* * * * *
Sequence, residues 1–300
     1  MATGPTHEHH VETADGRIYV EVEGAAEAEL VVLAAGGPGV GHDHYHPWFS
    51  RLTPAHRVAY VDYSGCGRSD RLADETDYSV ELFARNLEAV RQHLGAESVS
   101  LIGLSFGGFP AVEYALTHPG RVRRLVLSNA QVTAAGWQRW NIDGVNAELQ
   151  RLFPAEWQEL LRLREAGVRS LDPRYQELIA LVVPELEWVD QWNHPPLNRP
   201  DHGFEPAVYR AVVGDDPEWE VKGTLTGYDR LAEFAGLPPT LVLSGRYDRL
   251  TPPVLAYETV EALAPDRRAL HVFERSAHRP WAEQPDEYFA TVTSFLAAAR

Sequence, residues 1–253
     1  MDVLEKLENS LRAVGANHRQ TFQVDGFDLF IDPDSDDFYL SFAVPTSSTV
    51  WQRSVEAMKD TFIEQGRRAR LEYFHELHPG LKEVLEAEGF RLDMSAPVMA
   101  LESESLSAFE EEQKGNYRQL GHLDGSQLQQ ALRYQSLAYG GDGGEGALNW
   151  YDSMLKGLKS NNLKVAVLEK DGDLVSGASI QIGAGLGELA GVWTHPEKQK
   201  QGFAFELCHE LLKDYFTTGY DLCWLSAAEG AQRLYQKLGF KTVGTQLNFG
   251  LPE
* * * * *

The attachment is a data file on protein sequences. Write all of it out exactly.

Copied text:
Sequence, residues 1–300
     1  MATGPTHEHH VETADGRIYV EVEGAAEAEL VVLAAGGPGV GHDHYHPWFS
    51  RLTPAHRVAY VDYSGCGRSD RLADETDYSV ELFARNLEAV RQHLGAESVS
   101  LIGLSFGGFP AVEYALTHPG RVRRLVLSNA QVTAAGWQRW NIDGVNAELQ
   151  RLFPAEWQEL LRLREAGVRS LDPRYQELIA LVVPELEWVD QWNHPPLNRP
   201  DHGFEPAVYR AVVGDDPEWE VKGTLTGYDR LAEFAGLPPT LVLSGRYDRL
   251  TPPVLAYETV EALAPDRRAL HVFERSAHRP WAEQPDEYFA TVTSFLAAAR

Sequence, residues 1–253
     1  MDVLEKLENS LRAVGANHRQ TFQVDGFDLF IDPDSDDFYL SFAVPTSSTV
    51  WQRSVEAMKD TFIEQGRRAR LEYFHELHPG LKEVLEAEGF RLDMSAPVMA
   101  LESESLSAFE EEQKGNYRQL GHLDGSQLQQ ALRYQSLAYG GDGGEGALNW
   151  YDSMLKGLKS NNLKVAVLEK DGDLVSGASI QIGAGLGELA GVWTHPEKQK
   201  QGFAFELCHE LLKDYFTTGY DLCWLSAAEG AQRLYQKLGF KTVGTQLNFG
   251  LPE